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Robert Francis: In the fictional White House things can be great (and not so great)

🕐 2 min read
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Photo by Jon Sailer on Unsplash

Presidents and entertainment seem to have always had an attraction for each other. Sometimes it’s worked out well (Roosevelt in Annie) or not-so-well (Lincoln and Ford’s Theatre).

But fictional presidents have become almost as stock an American drama subject as kings and queens were for Shakespeare.


There’s President Dwayne Elizondo Mountain Dew Herbert Camacho (Terry Crews) from Idiocracy:

“I know sh*t’s bad right now, with all that starving bullsh*t, and the dust storms, and we are running out of french fries and burrito coverings. But I got a solution.”

From House of Cards, President Frank Underwood, played by Kevin Spacy:

“If you don’t like how the table is set, turn over the table.”

Those may be some evil fictional presidents, but we also have some who are so good, so admirable, they defy description or reality.

The main fictional president with the most winning qualities has to be President Jed Bartlet from Aaron Sorkin’s The West Wing. Over the weekend, my wife began to binge watch The West Wing, a show she – like many others – has been obsessed with for years.

Cast members recently reunited for a staged reading of a 2002 episode about election politics and tensions with China that premiered last week on HBO Max and was produced in partnership with When We All Vote, a nonpartisan civic organization whose founders include former first lady Michelle Obama, Tom Hanks and Faith Hill.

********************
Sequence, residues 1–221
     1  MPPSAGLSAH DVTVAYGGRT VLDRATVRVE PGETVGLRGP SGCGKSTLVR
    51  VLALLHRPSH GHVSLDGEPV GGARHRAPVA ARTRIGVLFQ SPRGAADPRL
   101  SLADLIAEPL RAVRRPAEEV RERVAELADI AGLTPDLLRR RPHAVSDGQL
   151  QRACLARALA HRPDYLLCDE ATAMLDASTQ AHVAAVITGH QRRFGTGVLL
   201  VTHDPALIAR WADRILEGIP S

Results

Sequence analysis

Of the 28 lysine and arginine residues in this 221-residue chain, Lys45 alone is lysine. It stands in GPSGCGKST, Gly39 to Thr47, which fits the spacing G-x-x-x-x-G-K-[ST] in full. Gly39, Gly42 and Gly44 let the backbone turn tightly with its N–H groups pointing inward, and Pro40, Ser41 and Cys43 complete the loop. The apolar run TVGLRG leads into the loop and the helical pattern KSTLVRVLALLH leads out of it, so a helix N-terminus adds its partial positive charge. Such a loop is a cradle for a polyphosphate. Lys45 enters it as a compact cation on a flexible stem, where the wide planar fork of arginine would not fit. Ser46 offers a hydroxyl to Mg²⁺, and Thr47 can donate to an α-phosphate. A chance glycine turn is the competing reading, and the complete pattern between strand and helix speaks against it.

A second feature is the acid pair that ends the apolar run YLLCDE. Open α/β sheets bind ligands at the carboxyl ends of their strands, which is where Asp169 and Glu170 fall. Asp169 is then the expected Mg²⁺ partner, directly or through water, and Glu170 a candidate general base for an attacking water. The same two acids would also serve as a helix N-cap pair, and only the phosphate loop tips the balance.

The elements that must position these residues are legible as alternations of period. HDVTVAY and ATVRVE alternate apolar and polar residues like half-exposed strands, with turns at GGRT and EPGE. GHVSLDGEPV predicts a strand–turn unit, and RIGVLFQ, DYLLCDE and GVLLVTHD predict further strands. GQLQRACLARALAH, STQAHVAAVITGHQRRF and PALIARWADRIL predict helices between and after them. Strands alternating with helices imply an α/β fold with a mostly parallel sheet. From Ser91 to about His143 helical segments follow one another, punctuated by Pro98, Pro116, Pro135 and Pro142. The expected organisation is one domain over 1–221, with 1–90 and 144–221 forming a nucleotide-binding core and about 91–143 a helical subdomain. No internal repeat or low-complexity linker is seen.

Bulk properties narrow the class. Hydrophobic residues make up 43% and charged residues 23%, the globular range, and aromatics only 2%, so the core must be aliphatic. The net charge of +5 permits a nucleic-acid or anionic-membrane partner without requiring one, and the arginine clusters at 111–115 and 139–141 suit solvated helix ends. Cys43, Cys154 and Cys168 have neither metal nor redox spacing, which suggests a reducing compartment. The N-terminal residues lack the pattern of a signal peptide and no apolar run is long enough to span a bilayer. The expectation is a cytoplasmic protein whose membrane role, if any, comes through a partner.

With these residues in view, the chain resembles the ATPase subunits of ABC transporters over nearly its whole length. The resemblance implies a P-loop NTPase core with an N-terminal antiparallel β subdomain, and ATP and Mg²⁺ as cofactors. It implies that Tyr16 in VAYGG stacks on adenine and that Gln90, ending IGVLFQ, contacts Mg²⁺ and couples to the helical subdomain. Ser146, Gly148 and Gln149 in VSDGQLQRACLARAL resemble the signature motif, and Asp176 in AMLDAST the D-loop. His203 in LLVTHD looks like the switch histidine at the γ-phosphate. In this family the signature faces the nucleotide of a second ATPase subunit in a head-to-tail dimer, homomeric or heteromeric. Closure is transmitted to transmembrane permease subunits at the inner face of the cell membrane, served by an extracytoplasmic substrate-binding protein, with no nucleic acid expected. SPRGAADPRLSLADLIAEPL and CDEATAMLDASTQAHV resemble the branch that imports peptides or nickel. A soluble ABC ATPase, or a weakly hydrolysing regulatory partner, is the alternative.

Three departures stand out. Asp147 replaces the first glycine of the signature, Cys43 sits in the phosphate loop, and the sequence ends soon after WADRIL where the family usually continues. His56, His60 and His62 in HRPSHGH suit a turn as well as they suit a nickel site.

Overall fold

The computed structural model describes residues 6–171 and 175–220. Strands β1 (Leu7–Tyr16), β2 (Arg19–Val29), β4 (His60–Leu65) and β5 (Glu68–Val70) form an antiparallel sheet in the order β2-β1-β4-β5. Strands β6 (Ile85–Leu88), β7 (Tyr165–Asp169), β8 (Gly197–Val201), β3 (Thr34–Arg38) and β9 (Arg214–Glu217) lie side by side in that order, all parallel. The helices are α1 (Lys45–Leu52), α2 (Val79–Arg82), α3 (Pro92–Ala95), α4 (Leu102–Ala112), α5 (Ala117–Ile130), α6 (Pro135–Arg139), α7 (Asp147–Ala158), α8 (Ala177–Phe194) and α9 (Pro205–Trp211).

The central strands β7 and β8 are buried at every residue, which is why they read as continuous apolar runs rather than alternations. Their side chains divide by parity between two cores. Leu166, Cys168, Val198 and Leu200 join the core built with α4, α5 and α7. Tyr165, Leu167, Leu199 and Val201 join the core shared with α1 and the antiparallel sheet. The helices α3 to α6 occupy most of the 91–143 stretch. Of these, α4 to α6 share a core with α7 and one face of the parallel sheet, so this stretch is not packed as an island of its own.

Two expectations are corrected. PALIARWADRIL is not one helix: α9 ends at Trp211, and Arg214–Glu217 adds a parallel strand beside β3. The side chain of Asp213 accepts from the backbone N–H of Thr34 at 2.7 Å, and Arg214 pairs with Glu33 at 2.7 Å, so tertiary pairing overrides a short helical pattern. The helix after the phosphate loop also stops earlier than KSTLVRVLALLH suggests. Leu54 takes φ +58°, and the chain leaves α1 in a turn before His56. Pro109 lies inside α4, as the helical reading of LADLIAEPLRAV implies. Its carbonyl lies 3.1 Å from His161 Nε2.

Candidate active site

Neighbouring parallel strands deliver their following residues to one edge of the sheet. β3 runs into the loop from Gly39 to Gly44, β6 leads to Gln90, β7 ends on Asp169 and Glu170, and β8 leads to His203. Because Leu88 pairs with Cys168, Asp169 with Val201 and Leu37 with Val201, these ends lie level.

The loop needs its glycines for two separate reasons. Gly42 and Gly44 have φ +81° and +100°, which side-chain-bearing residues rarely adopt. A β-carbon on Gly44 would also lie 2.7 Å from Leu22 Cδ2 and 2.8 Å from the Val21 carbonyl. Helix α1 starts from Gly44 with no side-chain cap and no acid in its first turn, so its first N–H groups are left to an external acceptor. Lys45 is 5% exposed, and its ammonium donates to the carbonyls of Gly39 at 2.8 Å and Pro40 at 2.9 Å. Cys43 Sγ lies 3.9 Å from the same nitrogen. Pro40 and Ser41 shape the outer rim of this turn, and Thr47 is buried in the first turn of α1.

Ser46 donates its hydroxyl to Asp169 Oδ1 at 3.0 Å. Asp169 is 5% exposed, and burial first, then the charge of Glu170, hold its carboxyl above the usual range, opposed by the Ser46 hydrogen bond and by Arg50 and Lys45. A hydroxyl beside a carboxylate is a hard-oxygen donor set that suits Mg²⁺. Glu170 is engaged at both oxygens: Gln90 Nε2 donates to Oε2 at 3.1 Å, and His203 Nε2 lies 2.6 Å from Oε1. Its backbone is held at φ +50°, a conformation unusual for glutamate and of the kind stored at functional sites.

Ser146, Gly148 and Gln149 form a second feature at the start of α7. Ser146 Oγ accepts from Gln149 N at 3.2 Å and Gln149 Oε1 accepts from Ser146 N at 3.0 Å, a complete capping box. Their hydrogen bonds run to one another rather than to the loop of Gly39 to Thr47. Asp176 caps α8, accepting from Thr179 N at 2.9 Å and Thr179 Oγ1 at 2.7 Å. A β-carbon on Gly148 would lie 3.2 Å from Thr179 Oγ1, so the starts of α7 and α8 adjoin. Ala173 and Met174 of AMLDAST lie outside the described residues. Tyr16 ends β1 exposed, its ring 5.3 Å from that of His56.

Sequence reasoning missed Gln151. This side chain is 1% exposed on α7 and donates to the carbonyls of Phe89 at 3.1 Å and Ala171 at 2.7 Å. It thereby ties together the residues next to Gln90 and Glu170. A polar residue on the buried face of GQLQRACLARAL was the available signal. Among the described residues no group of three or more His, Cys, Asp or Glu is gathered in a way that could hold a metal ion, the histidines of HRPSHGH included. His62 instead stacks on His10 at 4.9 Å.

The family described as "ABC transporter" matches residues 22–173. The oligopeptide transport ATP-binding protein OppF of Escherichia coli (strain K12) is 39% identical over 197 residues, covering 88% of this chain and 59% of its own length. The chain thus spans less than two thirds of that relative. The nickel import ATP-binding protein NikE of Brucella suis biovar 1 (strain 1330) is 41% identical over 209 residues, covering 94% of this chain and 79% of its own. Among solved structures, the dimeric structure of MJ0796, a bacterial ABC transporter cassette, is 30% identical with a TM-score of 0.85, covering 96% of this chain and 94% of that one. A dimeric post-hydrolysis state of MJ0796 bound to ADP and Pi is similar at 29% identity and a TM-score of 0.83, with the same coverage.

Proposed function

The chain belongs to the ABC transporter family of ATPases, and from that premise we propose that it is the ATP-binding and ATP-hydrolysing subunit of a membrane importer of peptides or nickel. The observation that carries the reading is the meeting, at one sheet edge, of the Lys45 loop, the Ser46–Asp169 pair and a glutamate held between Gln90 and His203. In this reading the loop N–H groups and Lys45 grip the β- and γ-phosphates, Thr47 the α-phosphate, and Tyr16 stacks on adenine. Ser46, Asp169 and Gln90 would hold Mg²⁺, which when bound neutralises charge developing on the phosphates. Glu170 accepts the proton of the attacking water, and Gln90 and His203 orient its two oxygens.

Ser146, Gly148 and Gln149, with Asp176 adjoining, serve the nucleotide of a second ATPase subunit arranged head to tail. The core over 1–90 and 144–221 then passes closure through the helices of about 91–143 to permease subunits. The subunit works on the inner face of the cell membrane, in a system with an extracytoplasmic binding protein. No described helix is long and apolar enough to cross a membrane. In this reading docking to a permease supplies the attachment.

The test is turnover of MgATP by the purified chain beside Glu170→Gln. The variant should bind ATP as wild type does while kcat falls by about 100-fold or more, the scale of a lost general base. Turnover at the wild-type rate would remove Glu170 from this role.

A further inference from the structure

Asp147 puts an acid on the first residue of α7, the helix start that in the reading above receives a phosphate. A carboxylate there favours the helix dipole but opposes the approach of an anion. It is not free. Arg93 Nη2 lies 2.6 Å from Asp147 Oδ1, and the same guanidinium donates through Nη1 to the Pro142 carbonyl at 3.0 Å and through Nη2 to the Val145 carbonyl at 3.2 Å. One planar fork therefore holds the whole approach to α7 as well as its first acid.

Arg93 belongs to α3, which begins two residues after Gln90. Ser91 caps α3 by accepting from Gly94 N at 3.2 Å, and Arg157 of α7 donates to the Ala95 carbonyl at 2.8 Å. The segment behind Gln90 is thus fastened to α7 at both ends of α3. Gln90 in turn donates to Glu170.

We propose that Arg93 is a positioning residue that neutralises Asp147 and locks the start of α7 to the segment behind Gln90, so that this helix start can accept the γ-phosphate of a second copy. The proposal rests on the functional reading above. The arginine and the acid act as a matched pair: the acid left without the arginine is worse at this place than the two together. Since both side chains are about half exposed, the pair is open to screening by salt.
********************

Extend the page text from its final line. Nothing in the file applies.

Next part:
The series won four consecutive best drama series Emmy Awards beginning in 2000.

Bartlet is too good to be true, but The West Wing is great drama. Sorkin knows how to write dialogue and the actors on the show know how to deliver it. It’s very entertaining. Sorkin and The West Wing crew worked out a way to “walk and talk,” so seemingly simple dialogue would feel more exciting as two people walk down the corridors of power exchanging quips or having animated policy wonk arguments.

Here are some quotes from the series:

“Some [schoolchildren] don’t … raise their hand cause they think they’re going to be wrong. I think you should say to these kids, ‘You think you get it wrong sometimes, you should come … see how the big boys do it.'” — C.J. Cregg, press secretary, played Allison Janney.

“I drink from the keg of glory. Bring me the finest muffins and bagels in all the land.” – Josh Lyman, presidential adviser, played by Bradley Whitford.

“Never doubt that a small group of thoughtful committed citizens can change the world.” — President Bartlet, played by Martin Sheen.

Those are probably words to live by as we wait for results of the election Tuesday night.

Speaking of the election, the Fort Worth Business Press will produce an Election Special on Sunday night. It will be an e-edition, so watch for it on our website or in your favorite email inbox.

Robert Francis
Robert is a Fort Worth native and longtime editor of the Fort Worth Business Press. He is a former president of the local Society of Professional Journalists and was a freelancer for a variety of newspapers, weeklies and magazines, including American Way, BrandWeek and InformatonWeek. A graduate of TCU, Robert has held a variety of writing and editing positions at publications such as the Grand Prairie Daily News and InfoWorld. He is also a musician and playwright.

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